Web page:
4 & 11 Dec Day 4 and Day 5 of Probationary Members Course that started on 6 Nov (National Shooting Centre (NSC), Bisley) This course is primarily a course in safe handling and provides an introduction to Target Rifle, Gallery Rifle and Black Powder Pistol. Each course consists of five separate lessons. Course date to be allocated once entry conditions are fulfilled. http://www.nsc-bisley.co.uk/common/ asp/courses/courses.asp?site=NSC Contact Heather Webb via the NRA 4 Dec Gallery Rifle Xmas Shoot and Social (National Shooting Centre (NSC), Bisley) Come to the final gathering of 2010 for the Gallery Rifle community! This festive event has plenty of shooting - with a twist - and a splendid dinner and grand prizegiving that has never failed to impress! Contact Brian Thomas via the NRA 5 Dec Civilian Service Rifle competition (National Shooting Centre (NSC), Bisley) Civilian Service Rifle competitions are held throughout the year. Contact Mark Bradley for further information via the NRA 5 Dec 2010 Plymouth & District SBRL 2x50m Tel: 01752 406287 Email: firstname.lastname@example.org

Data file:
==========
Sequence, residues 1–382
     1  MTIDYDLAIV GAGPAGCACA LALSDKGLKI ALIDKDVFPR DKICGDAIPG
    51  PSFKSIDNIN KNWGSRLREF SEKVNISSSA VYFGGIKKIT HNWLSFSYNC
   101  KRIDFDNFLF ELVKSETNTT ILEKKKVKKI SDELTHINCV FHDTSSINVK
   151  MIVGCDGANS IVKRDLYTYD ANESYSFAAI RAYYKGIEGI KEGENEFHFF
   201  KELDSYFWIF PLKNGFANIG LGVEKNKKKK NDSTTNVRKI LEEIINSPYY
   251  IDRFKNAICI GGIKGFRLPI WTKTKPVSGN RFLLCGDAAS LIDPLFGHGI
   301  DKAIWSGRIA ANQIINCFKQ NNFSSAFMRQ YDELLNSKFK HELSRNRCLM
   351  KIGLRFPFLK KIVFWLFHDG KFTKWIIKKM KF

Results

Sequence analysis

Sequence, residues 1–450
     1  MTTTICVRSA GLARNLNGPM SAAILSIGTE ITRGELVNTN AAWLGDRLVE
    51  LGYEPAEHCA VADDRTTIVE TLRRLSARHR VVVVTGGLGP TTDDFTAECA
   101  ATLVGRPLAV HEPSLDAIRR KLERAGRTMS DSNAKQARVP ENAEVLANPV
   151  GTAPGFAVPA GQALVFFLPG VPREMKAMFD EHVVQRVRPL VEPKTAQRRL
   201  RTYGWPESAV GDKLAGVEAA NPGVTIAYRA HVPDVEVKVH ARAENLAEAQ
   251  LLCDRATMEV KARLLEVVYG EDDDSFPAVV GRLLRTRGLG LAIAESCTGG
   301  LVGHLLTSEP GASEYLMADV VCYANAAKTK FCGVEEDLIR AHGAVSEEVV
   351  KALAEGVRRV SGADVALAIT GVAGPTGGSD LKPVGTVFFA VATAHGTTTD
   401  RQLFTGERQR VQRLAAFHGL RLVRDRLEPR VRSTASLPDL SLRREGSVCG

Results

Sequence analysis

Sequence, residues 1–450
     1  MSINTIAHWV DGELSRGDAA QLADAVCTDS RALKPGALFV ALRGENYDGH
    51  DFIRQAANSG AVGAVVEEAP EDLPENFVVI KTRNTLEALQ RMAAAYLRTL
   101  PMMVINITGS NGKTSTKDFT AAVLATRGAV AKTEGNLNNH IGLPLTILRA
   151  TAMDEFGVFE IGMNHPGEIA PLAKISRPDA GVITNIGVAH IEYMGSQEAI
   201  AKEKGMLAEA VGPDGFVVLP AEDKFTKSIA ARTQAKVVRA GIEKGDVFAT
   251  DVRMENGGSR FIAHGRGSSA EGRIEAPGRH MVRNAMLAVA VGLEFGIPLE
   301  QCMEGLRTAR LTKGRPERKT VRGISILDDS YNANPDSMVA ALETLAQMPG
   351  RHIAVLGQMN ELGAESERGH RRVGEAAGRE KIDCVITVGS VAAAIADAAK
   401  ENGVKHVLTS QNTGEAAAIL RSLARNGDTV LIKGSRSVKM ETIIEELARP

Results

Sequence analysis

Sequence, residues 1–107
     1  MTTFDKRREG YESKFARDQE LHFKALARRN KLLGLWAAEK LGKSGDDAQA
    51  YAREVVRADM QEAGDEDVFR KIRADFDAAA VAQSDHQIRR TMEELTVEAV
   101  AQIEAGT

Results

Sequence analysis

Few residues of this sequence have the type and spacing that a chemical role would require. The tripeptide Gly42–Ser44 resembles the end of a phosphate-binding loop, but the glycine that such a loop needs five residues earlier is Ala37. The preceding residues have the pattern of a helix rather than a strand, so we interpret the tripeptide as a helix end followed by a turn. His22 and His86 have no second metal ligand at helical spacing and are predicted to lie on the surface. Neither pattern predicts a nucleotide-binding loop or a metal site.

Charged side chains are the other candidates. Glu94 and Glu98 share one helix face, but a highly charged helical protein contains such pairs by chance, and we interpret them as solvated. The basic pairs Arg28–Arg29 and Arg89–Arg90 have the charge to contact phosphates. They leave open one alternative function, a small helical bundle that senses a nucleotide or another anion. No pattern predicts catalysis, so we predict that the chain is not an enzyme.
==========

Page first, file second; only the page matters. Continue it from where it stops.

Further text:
If your club or association has events you want to publicise here then email us.
5 Dec Scottish PA 10m pistol GP2 Fairlie Quay Marina, Fairli, KA29 0AS Tel: 01475 560055 Email: email@example.com Website: http://www.scottishpistolassociation. co.uk/ 11 Dec NRA Shooting Club Xmas Shoot (National Shooting Centre (NSC), Bisley) NRA Shooting Club Xmas Shoot. Targets have been booked on Melville. Open to all full members of the NRA who have completed and returned the registration form which is available by clicking on the link below. If you would like to attend you must book in at least a week in advance by contacting Heather Webb. Contact Charles Perry via the NRA 18 Dec Highpower Rifle Competition (National Shooting Centre (NSC), Bisley) Contact Mark Bradley via the NRA